I grew up in a secular Jewish household. Our immediate family celebrated Hanukkah and Christmas, but our Christmas tree was always tiny. Sometimes it wasn’t a tree at all, but just several branches of evergreen placed inside a large water-filled ceramic crock. The decorations were colored balls of glass and candy canes. I’d visit other people’s houses and admire their large trees with carved wooden ornaments, glass stars, and tinsel. When I have a home of my own, I told myself, my tree will be tall and I’ll have unusual decorations that I pack away to re-use and enjoy year after year.
Fast forward to Christmas 2020 the year of the Coronavirus. Eager to spread the positive feelings of Good Will and Peace on Earth, my husband Peter bought our tree early—before Thanksgiving. He intended to select a tree that would touch our ceiling, but to do that we’ve set it on a pedestal. The tree stands centered behind our large front window where it can be seen and enjoyed.
Decorated back and front with several strings of colored lights, as I unwrap my boxes of ornaments I relive the past. Many remind me of past Christmases and people who are no longer in my life. A tree ornament is a “safe gift” to give co-workers and during my years writing at various publications I’ve accrued painted glass birds, snowmen, and angels. My husband Peter collected sailboats, sheep, and Santa ornaments. One year, when friends from the church choir came for a party, they brought ornaments in the shape of musical instruments. A Napoleon and Josephine I purchased from the Nature Company, no longer in business, resemble small dolls. Stuffed butterflies and tiny Santa’s riding in sleighs are remnants of the inventory from a giftshop I once owned in the 1980s.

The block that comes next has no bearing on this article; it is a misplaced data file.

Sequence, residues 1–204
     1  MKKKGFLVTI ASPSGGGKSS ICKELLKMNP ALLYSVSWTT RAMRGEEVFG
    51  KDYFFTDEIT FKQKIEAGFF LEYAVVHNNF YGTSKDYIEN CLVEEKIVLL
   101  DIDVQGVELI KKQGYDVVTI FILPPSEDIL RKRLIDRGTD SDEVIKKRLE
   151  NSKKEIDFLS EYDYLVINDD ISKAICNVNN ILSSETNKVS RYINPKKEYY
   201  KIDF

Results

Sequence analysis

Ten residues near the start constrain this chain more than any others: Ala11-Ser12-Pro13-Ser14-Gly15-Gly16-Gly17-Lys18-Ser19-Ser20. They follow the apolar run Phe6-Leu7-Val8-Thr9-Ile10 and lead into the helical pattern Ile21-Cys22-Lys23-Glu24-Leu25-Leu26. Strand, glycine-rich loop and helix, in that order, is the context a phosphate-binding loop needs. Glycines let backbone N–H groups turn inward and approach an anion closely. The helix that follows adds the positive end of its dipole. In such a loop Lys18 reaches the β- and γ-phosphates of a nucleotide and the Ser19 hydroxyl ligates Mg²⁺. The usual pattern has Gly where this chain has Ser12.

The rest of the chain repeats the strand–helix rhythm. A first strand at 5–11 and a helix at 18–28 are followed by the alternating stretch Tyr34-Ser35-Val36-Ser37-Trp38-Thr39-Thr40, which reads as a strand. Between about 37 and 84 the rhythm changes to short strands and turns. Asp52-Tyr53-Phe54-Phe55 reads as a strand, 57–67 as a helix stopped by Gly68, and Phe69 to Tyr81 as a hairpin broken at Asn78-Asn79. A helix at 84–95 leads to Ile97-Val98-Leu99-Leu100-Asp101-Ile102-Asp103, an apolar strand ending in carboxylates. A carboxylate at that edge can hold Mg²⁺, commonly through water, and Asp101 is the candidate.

Smiling children’s faces look out at me from several of the tree branches. My daughter and two sons all made a series of ornaments in school, in theater productions, and in Scouts which I’ve faithfully saved. Added to those, are newer ornaments with the handprints and footprints of grandchildren.
While still in college I hosted “Decorate the Tree” parties. Everyone brought an ornament as a gift and in this way, I was able to quickly amass a large collection of ornaments, when I started with none. The handmade glazed cookie dough, paper, and cardboard creations did not withstand eventual decomposition, but one ornament from that era did miraculously survive. I still have the little miniature quilt stretched across sticks of wood with the embroidered “Merry” made by my artist friend Dena Blum. I’ve lost touch with Dena, but the word “Merry” still graces my tree.
The oldest item in my collection is a Huichol Indian God’s Eye I purchased in Mexico at age fifteen while traveling with my parents. The wool is disintegrating, but I like to wire it up on the top of the tree in place of a star. The Indians attach items as a form of prayer to their God’s Eyes, for example the might use a ball of cotton to symbolize clouds if they need rain. I’m still debating what symbol I could attach to my God’s Eye to represent healing and eradication of disease.
The entire tree, we currently call a Christmas Tree, represents everlasting life. To life or in the words of my Jewish ancestors L’chaim, Healing, and to Peace Among Us All in the coming year 2021, I extend to my readers a Holiday greeting.